Dali L. Yang

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As covid-19 spreads around world, China has touted its efforts to bring the novel coronavirus outbreak swiftly under control under President Xi Jinping’s leadership. Bruce Aylward of WHO’s China mission commended China’s “bold approach”, saying that the “the key learning from China is speed — it’s all about the speed”.

But the real story is more complex. Although China’s national authorities acted decisively after Jan. 23, there were key deficiencies at the outset. Here’s what you need to know:

1. Politics overruled the truth

Wuhan, the capital of Hubei province, was getting ready in early January for the Jan. 6-17 “two sessions”, where local and provincial leaders would gather to discuss the state of affairs at the local/provincial levels.…  Seguir leyendo »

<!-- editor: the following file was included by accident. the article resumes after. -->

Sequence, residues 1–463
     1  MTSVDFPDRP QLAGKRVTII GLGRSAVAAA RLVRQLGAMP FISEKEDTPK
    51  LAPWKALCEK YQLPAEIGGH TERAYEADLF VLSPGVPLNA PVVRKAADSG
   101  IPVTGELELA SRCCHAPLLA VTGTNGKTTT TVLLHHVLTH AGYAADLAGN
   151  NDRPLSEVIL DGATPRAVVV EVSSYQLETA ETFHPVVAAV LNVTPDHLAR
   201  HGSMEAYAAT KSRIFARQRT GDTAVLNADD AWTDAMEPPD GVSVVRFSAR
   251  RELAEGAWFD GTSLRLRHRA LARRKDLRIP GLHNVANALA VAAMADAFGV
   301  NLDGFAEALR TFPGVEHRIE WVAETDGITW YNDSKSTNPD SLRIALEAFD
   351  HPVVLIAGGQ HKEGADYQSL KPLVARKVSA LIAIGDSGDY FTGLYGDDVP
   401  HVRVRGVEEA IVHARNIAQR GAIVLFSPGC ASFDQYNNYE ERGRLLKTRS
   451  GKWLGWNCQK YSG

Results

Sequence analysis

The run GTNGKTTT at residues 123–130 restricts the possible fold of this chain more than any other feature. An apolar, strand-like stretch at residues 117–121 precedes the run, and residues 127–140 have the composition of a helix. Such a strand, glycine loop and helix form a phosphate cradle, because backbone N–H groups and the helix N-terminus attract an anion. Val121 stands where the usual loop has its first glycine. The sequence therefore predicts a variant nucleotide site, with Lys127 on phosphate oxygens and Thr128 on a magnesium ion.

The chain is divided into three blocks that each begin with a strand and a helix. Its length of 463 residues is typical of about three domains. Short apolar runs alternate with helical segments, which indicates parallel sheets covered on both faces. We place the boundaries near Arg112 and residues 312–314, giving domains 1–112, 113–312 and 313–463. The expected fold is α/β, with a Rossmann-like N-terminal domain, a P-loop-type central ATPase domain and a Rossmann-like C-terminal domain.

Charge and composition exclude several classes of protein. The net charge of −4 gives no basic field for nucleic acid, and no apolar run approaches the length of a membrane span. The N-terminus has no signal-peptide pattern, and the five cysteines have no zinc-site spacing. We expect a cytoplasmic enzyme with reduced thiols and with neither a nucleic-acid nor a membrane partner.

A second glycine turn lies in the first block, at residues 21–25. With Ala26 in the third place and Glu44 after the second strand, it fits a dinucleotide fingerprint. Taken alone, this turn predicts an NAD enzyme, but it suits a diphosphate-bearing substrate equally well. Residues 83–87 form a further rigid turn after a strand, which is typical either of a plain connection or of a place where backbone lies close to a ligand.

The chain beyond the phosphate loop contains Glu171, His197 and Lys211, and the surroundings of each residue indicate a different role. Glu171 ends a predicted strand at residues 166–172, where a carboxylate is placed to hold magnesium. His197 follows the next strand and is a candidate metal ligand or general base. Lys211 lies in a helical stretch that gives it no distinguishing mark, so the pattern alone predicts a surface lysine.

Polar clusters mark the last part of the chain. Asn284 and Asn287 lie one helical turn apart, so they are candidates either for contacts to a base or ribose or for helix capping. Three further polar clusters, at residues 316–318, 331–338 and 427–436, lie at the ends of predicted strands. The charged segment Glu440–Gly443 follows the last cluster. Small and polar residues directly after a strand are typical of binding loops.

Chinese authorities have placed an estimated 760 million people into lockdown as part of an epic campaign to contain the spread of covid-19, the novel coronavirus. As of Sunday, there were over 77,000 confirmed cases and more than 2,500 deaths in China, mostly in Hubei province. Wuhan, the provincial capital and the epicenter of the outbreak, has been hard hit.

Why did China’s CDC system, once touted as among the world’s best disease control programs, fail to help contain the virus early on? And what has the crisis exposed about China’s system of governance? Here’s what you need to know.

China built a system to prevent another SARS crisis

In the aftermath of the 2003 SARS crisis, China invested heavily to improve its system for infectious disease control and prevention.…  Seguir leyendo »